Weekly Market Commentary September 28th to October 2nd 2020
The week was dominated by political news including stimulus discussions, a Supreme Court vacancy, a contentious first presidential debate, and ultimately, a positive COVID-19 test for President Trump on Friday. Expect stock market volatility to increase as uncertainty about the election persists.
The monthly jobs report was released Friday and showed a mixed picture. Unemployment dropped to 7.9%, but that was largely due to people dropping out of the labor force altogether. On the bright side, private-sector payrolls beat estimates and job gains for the past two months were revised upward. Manufacturers added 66,000 jobs, which beat estimates and was up from last month. The total jobs gain for the month was 661k compared to estimates of 859k. Weekly Jobless Claims came in lower than expected at 837k, and Continuing Jobless Claims were down by 700k from last week. Labor markets continue a slow grind to improvement.
The ISM Manufacturing Survey came in at 55.4, slightly below estimates and down from last month. New Orders were not as strong as expected. Several other manufacturing surveys and hard data releases painted a similar picture – industry is rebounding from a dreadful 1st half, but the pace of growth may slow without further fiscal stimulus.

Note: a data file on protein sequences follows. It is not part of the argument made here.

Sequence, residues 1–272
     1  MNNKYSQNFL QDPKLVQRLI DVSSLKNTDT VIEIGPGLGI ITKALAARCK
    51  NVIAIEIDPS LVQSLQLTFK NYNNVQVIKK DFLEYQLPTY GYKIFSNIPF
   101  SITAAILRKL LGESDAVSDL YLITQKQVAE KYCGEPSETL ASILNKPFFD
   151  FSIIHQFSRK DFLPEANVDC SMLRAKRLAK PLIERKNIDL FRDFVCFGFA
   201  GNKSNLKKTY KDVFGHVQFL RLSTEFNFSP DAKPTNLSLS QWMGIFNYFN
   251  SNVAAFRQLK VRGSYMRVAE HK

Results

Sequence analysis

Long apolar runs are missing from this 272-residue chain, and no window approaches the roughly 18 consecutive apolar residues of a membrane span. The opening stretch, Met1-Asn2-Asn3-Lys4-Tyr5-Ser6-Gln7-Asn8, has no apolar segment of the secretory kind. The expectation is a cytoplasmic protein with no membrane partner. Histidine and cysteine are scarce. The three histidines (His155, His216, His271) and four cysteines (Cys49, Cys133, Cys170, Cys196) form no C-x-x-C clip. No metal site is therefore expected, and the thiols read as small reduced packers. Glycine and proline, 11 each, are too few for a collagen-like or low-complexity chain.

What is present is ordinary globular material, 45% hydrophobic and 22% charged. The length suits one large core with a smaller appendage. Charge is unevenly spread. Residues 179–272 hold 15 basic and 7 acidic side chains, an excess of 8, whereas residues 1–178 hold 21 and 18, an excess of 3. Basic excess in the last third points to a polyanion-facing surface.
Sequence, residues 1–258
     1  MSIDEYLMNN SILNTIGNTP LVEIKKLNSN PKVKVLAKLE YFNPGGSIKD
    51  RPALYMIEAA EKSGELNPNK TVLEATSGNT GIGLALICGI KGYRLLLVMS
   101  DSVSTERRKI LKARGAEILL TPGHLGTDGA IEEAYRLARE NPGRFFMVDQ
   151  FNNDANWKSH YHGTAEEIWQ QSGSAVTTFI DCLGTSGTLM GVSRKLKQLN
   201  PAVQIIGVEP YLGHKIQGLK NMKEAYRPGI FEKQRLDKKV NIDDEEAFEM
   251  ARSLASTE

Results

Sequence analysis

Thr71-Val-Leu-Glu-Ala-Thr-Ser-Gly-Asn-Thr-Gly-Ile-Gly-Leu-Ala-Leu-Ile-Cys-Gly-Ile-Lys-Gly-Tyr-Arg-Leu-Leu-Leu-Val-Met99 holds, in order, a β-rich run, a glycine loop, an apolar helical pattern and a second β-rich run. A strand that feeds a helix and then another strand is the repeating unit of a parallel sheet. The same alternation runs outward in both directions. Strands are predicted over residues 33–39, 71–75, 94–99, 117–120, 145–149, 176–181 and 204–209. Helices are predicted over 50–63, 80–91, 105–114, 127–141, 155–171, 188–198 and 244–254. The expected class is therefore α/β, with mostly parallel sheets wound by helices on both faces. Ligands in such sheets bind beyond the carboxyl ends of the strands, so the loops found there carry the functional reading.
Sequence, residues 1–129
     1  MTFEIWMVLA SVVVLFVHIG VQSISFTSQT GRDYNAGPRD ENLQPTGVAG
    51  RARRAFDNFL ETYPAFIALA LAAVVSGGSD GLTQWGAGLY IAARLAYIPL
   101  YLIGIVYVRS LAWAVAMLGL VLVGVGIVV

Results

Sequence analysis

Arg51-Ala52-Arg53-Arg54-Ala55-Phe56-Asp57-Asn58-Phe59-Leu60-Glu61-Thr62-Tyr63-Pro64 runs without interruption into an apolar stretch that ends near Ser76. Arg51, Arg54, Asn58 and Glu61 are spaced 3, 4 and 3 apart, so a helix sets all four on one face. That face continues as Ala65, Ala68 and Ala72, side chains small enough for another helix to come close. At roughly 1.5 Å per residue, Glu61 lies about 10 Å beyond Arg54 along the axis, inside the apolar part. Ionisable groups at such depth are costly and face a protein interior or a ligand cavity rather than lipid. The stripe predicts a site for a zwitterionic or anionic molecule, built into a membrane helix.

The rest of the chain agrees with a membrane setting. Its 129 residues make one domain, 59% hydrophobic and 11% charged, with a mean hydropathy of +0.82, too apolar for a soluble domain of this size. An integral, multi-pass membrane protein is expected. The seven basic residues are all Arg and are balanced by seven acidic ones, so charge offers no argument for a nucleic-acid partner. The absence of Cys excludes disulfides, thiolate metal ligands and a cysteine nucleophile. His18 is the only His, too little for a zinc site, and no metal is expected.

Volatility was high this week, but stocks were able to finish on higher ground. The S&P 500 rose by 1.5% to finish at 3,348. The NASDAQ also rose 1.5% to 11,075.
U.S. Treasury yields did not change much despite the headlines. The 10-year US Treasury yield rose a little over 3 bps to 0.69%. The 30-Year yield rose 8 bps to 1.48% perhaps reflecting decent economic data.
We also received our final reading of 2nd quarter GDP. This came in better than estimates, but still registered a staggering -31.4% decline.
Next week will be quieter on the economic front. Key releases include Markit Services PMI, Weekly Jobless Claims, and the JOLTS Job Openings survey.